training relevant to ethnic minority and medically underserved populations:

Recommendation 3-2: Research and research funding relevant to cancer among ethnic minority and medically (as per Recommendation 3-3) underserved populations should be more adequately assessed and should be increased.

NCI reports that it allocated more than $124 million for research and training programs relevant to cancer among ethnic minority and medically underserved populations. This figure represents approximately 5.25 percent of the total NCI budget. The committee believes, however, that this is an overrepresentation of the amount of resources allocated to addressing the needs of ethnic minority and medically underserved groups (see Recommendation 3-3 below). When allocations are summed for projects exclusively directed to these populations, the figure is slightly more than $24 million, or approximately 1 percent of the total NCI budget. Other NIH ICs report on their allocations of money to minority health research and training programs, but these figures are small relative to the overall budgets of the respective ICs. The committee finds that these resources are insufficient relative to three criteria:

  • the burden of disease in ethnic minority and medically underserved communities;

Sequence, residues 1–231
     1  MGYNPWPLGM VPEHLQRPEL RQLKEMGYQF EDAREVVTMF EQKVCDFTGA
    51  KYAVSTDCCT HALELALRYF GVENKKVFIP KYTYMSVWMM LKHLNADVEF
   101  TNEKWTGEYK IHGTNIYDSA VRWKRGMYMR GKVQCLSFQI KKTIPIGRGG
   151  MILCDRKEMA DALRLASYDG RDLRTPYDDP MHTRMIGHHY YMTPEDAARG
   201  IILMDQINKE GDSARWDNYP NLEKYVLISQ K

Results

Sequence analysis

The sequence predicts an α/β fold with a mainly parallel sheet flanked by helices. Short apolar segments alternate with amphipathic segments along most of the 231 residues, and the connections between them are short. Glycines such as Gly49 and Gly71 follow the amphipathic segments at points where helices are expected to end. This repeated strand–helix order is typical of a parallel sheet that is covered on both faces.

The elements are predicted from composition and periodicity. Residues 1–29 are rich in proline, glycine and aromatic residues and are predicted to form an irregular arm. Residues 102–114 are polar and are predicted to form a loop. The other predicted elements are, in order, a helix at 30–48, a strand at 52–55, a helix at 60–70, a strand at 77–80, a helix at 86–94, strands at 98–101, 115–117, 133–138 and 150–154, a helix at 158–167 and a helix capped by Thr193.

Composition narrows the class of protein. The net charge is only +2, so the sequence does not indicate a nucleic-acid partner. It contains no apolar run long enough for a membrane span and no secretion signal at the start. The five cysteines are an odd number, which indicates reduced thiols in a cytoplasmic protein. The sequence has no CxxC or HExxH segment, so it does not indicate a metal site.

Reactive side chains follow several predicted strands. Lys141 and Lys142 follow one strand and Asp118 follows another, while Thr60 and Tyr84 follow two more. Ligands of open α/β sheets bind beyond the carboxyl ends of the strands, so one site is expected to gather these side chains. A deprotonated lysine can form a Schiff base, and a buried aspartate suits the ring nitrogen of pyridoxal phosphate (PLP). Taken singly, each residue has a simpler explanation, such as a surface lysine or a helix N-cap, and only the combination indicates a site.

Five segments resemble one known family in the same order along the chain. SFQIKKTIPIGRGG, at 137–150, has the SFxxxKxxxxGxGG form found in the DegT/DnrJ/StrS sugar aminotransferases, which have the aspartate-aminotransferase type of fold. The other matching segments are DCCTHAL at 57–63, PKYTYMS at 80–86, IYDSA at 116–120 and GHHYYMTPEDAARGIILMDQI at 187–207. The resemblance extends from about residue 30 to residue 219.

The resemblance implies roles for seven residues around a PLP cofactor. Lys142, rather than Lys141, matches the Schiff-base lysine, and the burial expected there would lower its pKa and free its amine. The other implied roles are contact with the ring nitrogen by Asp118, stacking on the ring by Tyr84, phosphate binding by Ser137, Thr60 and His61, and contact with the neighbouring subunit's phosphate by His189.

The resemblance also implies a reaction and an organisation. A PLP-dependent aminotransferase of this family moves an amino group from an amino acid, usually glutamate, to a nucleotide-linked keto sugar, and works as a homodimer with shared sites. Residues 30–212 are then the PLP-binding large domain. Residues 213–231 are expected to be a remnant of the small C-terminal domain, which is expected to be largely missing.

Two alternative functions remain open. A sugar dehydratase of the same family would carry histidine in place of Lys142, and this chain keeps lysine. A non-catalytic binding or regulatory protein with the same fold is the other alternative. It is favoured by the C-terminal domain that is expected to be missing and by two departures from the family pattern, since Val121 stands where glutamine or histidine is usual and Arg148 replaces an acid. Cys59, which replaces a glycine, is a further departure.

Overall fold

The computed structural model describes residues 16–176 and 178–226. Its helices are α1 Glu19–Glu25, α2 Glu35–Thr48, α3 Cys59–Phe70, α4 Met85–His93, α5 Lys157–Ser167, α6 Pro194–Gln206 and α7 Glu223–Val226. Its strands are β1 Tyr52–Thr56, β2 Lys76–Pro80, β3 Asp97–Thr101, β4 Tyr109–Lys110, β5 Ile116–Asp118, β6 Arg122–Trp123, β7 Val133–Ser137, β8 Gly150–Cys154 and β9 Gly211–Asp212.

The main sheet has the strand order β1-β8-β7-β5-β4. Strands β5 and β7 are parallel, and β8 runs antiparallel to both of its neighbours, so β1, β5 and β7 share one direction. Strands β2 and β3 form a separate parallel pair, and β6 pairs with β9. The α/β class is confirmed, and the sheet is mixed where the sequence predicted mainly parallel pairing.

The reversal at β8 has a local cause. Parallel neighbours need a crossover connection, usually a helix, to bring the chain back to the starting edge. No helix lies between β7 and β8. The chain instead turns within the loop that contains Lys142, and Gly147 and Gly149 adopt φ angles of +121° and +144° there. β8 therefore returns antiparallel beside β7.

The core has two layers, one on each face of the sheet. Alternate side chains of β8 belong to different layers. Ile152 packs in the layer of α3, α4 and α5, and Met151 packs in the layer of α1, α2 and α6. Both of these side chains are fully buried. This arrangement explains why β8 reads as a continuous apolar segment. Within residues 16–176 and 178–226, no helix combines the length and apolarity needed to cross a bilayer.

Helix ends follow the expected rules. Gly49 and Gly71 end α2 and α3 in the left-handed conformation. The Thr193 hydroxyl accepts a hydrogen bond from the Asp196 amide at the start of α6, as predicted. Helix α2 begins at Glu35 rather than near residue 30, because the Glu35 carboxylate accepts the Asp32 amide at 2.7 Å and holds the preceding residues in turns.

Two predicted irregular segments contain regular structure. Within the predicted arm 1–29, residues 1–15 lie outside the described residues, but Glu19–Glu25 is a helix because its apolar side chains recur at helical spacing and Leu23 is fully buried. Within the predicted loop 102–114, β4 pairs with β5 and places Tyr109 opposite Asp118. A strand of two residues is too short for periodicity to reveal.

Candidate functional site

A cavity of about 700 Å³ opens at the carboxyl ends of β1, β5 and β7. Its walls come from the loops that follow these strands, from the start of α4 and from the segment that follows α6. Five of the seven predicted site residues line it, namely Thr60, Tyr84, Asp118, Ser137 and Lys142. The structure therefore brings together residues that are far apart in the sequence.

• the changing U.S. demographic picture (which indicates that the growth of many ethnic minority groups, such as Hispanics and Asians and Pacific Islanders, will significantly outpace that of other groups and that no ethnic group will constitute a "majority" by the year 2050); and
  • scientific opportunities inherent in the study of diverse populations.

Recommendation 3-3: NIH should improve the accuracy of its assessment of research that is relevant to ethnic minority and medically underserved groups by replacing the current "percent relevancy" accounting method with one that identifies studies whose purpose is to address a priori research questions uniquely affecting ethnic minority and medically underserved groups.

NIH calculates the amount of money allocated to minority health research on the basis of the percentage of ethnic minority individuals in NIH study populations. Such percent relevancy accounting methods are inappropriate as an indicator of overall expenditures for studies that address minority health needs because they overstate the relevance of research for addressing ethnic minority health issues. Estimates of expenditures on minority-related health research should be determined by



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